“The strong Future Index readings signal that employers anticipate steady growth during the first two quarters of 2018. The only fly in ointment remains the prospect that labor shortages may constrict the ability of companies to grow and expand,” said Paul Bolger, President, Massachusetts Capital Resource Company and a BEA member.

Political Risks

AIM President and CEO Richard C. Lord, also BEA member, said 2018 brings with it significant risk for employers as progressive groups push ballot questions that could create a $1 billion paid family and medical leave program, impose a punitive tax on many small businesses and raise the state minimum wage to $15 per hour.

“The Massachusetts Supreme Judicial Court will today hear arguments in a challenge that I and four other business leaders filed to the constitutionality of the income surtax question. Meanwhile, the business community is seeking common ground on a compromise paid-leave proposal that will not harm the economy,” Lord said.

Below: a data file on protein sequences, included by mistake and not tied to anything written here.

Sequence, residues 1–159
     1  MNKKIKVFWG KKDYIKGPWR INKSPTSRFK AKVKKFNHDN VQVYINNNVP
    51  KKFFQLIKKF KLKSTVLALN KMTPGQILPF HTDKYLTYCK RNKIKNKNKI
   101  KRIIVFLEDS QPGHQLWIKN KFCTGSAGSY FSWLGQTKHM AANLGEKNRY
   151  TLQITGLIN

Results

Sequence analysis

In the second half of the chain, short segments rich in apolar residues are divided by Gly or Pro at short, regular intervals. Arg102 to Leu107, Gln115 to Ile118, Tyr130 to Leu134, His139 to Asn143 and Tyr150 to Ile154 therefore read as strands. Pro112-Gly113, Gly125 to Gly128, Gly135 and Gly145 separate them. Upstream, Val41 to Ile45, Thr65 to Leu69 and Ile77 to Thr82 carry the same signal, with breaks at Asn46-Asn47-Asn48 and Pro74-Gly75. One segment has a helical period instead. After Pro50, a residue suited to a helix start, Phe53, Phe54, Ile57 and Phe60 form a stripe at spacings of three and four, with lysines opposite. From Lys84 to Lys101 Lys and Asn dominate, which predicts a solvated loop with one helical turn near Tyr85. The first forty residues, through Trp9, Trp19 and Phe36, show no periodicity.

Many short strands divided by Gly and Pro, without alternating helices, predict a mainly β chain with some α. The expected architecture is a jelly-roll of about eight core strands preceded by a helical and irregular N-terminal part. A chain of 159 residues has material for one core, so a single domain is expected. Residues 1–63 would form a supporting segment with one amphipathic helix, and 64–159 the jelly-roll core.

Topics: AIM Business Confidence Index, Massachusetts economy, Massachusetts employers

Employer Confidence Closes 2017 at 18-Year High

Posted by Christopher Geehern on Jan 9, 2018 8:51:27 AM

Surging optimism about the state and national economies left Massachusetts employers with their highest level of confidence in 18 years as 2017 drew to a close.

BCI.December.2017.jpgThe Associated Industries of Massachusetts Business Confidence Index (BCI) rose one point to 63.6 during December, its highest level since November 2000. The BCI gained 3.2 points during a year in which employer confidence levels remained comfortably within the optimistic range.